September 30, 2019
Wall Street Warns Against Bets on October U.S.-China Truce
“The next round of U.S. tariff hikes on China is little more than two weeks away, though equity and foreign-exchange markets aren’t signaling any obvious concern. That may set things off to a rocky start in the fourth quarter, a period when thinning liquidity is perceived to increase the risk of volatility. For their part, strategists at some of Wall Street’s biggest banks — including Citigroup Inc., JPMorgan Chase & Co. and Goldman Sachs Group Inc. — warn against expecting any truce in the upcoming round of U.S.-China trade talks. “We have more conviction that, without a circuit breaker, escalation continues over the medium term, meaning any pause is fleeting,” Morgan Stanley strategists including Michael Zezas wrote in a note to clients Monday. “Investors should price in all announced actions (i.e., tariffs on both Oct. 15 and Dec. 15) even if further delays or pauses are announced.” While news about Trump administration deliberations on curbs on U.S. investments in Chinese companies hit stocks Friday, S&P 500 futures and the yuan both rose in Asian trading Monday. That’s after China confirmed that its top trade negotiator, Vice Premier Liu He, is still heading to the U.S. for negotiations after national holidays end Oct. 7. Yet the Morgan Stanley team highlighted that rounds of top-negotiator talks lately have been followed by tariff escalation, not by an easing in tensions. Indeed, President Donald Trump on Aug. 1 announced a new round of tariff hikes shortly after the principal U.S. negotiators returned from talks in Shanghai. And that triggered the worst month for global stocks since May — when investors were also handed with an escalation in tariffs. In currencies, the yuan slid through 7 per dollar, for a time spooking investors across emerging markets. September saw both stocks and exchange rates settle, as the U.S. and China announced goodwill gestures that took tensions down somewhat.”
U.K. Households Have Comfortable Savings Margin to Handle Brexit
“Fears that British consumers could be forced to slash their spending in a disruptive Brexit were partially allayed by new figures showing households are saving a larger proportion of their disposable income than previously thought. The saving ratio rose to 6.8% between April and June, and averaged more than 6% over the previous four quarters — two percentage points higher than last estimated. Samuel Tombs at Pantheon Macroeconomics in London said the figures highlighted “the scope to absorb future income shocks without cutting spending.” The latest GDP data Monday painted a generally positive picture of British households, which have kept the economy growing though the turmoil since the 2016 Brexit referendum. Consumer spending rose 0.4% in the second quarter as wage growth outstripped inflation, helping to offset another fall in business investment. Revisions also reveal that households were net lenders over the past two years, receiving more income than they spent and invested. They were previously estimated to be net borrowers. The ONS said the revisions largely reflected the fact that people have been donating less to charity than previously thought and receiving more money from renting their homes. Changes to the accounting treatment of student loans also mean less money is being lent to households by the government. The economy is also starting to get support from the easing of austerity. Government spending rose at the fastest annual pace since 2008 in the last quarter, with higher spending in the National Health Service accounting for much of the increase.”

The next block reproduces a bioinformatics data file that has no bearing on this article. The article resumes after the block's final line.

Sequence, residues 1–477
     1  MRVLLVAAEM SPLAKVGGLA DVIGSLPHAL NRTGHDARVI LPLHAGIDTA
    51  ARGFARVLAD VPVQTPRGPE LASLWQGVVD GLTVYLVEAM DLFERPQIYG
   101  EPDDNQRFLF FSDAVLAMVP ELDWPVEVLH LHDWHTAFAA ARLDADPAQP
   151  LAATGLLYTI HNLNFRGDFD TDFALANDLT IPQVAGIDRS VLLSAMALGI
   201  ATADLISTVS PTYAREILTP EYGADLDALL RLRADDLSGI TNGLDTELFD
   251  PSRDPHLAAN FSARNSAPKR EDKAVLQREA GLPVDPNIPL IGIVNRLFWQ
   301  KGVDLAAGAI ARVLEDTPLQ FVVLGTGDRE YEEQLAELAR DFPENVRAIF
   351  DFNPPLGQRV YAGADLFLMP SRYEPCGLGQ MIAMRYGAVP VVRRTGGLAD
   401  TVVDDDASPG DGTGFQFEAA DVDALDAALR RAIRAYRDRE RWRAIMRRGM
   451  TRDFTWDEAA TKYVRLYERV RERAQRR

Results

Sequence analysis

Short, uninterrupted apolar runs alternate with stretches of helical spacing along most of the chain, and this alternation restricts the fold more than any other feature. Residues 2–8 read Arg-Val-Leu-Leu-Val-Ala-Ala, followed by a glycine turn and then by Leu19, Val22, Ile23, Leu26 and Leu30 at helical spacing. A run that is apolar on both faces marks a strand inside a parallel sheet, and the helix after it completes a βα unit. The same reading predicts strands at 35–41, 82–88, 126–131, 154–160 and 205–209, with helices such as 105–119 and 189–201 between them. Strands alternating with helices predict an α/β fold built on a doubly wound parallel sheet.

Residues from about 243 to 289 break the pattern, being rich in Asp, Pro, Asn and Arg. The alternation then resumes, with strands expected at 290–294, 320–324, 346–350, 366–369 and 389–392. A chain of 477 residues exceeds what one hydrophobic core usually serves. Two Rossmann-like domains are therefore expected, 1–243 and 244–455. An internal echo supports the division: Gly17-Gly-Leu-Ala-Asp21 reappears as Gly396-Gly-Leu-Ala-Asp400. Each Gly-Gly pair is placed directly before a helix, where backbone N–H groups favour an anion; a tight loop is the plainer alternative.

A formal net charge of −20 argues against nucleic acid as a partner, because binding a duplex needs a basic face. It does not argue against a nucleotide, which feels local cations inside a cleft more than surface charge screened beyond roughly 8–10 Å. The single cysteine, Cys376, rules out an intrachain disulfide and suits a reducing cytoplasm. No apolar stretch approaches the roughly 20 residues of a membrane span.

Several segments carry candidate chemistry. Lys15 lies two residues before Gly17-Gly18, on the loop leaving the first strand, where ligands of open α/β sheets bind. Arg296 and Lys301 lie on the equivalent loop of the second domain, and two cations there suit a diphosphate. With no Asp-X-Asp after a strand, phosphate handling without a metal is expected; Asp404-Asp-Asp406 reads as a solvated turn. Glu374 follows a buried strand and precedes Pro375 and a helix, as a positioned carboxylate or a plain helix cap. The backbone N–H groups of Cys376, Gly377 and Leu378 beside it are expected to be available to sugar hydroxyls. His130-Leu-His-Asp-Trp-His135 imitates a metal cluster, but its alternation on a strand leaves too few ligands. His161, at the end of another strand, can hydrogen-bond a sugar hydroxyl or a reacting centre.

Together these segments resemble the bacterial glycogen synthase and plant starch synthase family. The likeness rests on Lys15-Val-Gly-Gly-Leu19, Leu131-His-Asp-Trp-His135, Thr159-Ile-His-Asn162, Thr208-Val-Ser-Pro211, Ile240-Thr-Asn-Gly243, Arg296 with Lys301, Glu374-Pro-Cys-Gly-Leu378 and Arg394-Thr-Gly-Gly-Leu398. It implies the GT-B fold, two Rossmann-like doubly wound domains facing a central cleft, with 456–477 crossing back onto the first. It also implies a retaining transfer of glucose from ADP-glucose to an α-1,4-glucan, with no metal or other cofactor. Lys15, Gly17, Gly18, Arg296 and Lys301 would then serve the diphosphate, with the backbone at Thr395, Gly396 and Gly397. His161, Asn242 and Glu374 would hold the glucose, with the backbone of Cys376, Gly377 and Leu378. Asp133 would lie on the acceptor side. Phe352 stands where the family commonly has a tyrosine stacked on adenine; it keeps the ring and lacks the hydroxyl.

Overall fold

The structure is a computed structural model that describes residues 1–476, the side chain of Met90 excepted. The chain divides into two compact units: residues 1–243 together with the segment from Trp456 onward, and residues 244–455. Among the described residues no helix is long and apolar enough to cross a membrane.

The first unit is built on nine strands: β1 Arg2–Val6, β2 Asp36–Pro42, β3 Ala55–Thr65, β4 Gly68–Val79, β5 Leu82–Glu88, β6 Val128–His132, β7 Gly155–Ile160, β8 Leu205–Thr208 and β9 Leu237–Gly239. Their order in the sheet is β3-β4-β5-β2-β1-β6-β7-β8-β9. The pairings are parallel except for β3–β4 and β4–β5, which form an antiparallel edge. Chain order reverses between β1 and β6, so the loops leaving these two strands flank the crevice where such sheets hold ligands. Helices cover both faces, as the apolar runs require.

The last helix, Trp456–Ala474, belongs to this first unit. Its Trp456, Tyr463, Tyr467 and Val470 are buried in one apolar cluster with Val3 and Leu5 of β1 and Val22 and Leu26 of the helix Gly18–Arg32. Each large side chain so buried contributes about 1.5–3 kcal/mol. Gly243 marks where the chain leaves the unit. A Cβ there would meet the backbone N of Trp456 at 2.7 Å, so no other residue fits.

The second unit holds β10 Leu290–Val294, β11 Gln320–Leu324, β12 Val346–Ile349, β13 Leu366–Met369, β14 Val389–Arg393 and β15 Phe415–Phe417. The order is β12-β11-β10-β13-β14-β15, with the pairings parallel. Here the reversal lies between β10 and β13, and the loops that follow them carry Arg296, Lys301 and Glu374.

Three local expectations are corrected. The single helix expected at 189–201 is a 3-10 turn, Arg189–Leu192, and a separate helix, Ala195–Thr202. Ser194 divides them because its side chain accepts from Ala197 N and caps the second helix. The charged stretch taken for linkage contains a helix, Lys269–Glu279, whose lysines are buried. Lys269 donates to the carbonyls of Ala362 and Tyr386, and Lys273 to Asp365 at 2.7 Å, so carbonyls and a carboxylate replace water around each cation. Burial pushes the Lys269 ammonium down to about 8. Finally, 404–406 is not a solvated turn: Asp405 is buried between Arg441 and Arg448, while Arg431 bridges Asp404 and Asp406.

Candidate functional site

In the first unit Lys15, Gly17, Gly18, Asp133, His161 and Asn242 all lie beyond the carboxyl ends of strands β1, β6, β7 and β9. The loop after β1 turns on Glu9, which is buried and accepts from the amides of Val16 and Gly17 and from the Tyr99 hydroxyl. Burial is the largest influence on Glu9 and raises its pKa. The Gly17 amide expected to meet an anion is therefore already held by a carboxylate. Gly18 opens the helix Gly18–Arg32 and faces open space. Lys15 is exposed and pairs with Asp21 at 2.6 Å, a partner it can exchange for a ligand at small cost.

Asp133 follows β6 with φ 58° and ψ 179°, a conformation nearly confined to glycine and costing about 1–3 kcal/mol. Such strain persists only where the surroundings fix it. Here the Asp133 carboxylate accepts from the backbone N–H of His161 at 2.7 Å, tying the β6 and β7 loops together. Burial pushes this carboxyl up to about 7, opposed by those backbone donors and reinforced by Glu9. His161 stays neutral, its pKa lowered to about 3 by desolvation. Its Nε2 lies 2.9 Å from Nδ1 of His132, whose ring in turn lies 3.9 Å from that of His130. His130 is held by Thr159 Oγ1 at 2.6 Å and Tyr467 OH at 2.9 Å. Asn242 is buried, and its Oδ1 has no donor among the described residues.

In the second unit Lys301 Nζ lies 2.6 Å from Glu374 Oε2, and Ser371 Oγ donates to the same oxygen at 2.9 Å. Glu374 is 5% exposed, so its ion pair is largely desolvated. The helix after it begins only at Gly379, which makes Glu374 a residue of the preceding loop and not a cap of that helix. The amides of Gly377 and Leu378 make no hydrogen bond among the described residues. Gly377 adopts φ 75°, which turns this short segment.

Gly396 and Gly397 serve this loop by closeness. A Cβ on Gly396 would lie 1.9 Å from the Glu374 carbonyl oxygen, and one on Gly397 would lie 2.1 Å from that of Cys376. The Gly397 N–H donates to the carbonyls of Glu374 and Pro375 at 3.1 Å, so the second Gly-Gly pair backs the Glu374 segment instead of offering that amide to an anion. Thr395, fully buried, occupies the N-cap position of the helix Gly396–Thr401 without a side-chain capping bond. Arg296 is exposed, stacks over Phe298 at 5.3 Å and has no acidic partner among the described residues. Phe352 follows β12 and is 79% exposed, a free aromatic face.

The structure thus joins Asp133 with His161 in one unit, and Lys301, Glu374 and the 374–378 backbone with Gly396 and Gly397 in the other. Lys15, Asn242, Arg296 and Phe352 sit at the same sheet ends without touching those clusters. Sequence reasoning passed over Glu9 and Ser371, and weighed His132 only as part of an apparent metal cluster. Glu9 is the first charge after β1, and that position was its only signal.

China Vows to Continue Opening Financial Markets
“China said it would continue to open up its financial markets and encourage foreign investment amid reports the Trump administration is considering restrictions on fund flows to China. “We will take further steps to promote high-quality, two-way financial opening and encourage foreign financial institutions and funds to invest in the domestic financial market to boost the competitiveness and dynamism of the domestic financial system,” according to a summary from the eighth meeting of the Financial Stability and Development Committee posted on its website Sunday. The world’s two largest economies are heading into another round of high-level trade talks following China’s week-long national holidays starting Oct. 1. A U.S. crackdown on capital flows would present a new pressure point in the economic dispute, and could cause disruptions well beyond the tariffs on hundreds of billions of dollars worth of products the two sides have levied against each other. “Chinese efforts to enhance reform and opening will be slowed down in the short term, but they will never be stopped,” said Liao Qun, Hong Kong-based chief economist with China Citic Bank International Ltd. “China could explore European, Southeast Asian and the Belt and Road markets in lieu of the U.S.” ”
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